Active Listening Tips

Active listening skills are so important to healthy relationships – and that goes for personal and workplace environments. Active listening skills can do so much to improve communication and it’s really easy once you get the hang of it. The whole point of active listening is to gain a greater understanding of what the speaker is trying to communicate before responding. Most importantly, it saves precious time, energy and emotion that would otherwise be wasted responding to and acting on what we thought we heard instead of what was actually said. Here are four simple techniques that can make a huge difference (and there’s plenty more):

  1. Minimal Encouragers – Just an “mmhmm” and an “oh, ok” every now and then will let the speaker know that they’re being paid attention to. This isn’t enough, so keep reading.
  2. Simple Reflection – Take what the person says and say it back to them. You might feel like a parrot, but you’ll be surprised at how little people notice and just say, “Yeah!” and keep on going. The great thing here is that if you heard wrong, there’s an opportunity for correction. If you heard right, you’ve communicated that you’re listening!
  3. Reflection of Meaning – Take a stab at what you think they meant and say that to them. For example, Speaker: “I’m so hungry!” Reflection of Meaning: “You want to eat right now.” Now the speaker has the opportunity to correct or confirm. “Yes! Let’s go!” or “No, I’m on a diet, but man it’s killing me!”
  4. Clarifying Questions – Listen and then ask a question to gain more understanding. Speaker: “I’m so over my job right now.” Clarifying Question: “Are you thinking of resigning?” Now the speaker answers and says more about their actual feelings.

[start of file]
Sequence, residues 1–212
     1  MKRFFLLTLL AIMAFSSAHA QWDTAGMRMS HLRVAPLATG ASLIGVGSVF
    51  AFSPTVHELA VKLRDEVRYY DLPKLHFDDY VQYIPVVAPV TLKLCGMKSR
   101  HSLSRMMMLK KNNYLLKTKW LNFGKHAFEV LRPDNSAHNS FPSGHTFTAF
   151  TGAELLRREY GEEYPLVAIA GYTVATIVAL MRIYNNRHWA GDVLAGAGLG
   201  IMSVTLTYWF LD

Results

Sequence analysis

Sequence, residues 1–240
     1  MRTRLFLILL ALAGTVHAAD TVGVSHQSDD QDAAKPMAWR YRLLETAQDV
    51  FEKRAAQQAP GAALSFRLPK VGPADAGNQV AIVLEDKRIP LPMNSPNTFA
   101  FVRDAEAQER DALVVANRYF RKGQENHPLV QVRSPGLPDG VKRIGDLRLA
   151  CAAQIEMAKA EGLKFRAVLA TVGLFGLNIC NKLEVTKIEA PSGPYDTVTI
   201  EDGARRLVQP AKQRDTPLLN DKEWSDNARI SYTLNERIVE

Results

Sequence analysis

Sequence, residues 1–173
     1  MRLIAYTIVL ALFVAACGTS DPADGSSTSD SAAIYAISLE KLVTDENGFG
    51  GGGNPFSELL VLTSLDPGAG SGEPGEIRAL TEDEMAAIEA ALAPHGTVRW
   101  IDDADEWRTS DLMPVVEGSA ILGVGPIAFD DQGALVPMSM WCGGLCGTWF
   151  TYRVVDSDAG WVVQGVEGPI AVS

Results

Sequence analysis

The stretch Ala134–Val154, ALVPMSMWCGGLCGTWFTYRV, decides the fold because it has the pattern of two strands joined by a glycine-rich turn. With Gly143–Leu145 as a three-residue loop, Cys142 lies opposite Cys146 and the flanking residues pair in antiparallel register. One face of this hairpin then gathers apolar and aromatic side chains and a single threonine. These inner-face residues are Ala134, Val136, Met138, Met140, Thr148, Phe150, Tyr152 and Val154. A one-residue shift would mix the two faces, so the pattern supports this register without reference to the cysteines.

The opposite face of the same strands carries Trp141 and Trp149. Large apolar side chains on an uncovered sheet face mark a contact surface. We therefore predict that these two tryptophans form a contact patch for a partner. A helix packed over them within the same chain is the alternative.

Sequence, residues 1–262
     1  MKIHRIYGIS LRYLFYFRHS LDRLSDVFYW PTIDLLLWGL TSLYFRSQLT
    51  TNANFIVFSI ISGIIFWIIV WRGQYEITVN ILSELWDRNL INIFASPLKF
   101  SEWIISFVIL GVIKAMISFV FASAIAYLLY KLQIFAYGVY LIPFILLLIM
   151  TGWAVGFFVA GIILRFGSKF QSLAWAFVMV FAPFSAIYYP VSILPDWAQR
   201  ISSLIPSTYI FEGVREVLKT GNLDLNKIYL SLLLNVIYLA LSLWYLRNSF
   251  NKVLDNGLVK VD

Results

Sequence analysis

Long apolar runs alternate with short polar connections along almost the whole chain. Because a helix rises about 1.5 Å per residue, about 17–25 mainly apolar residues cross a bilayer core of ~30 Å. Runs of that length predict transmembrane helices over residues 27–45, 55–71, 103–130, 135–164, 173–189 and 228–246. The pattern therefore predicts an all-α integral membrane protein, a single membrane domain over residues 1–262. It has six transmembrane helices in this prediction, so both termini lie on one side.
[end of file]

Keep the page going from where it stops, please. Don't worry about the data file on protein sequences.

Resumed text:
Active listening is really all about taking the information you receive, interpreting it, and then putting it back out there for either confirmation or correction. I regularly work with my therapy clients on active listening because it is such a universal skill that can be used in literally any circumstance. It’s even very helpful when you have no idea what to say to someone. Active listening enables you to have a response without having an opinion about it because you’re merely seeking to confirm or gather more information from the speaker. It’s a great way to avoid unnecessary conflict and show someone you’re listening, even when you don’t agree with them. And how often does that come in handy!?

I hope this has been helpful and that it will benefit you in your efforts in communication! More tips to come in the future!

One comment

  1. […] Listen. Presented with such a simple request (you followed the formula, right?), the requested response is obvious. Will they or will they not consider your request? When they respond, use your active listening skills and try to understand what they’re saying. What are active listening skills? […]

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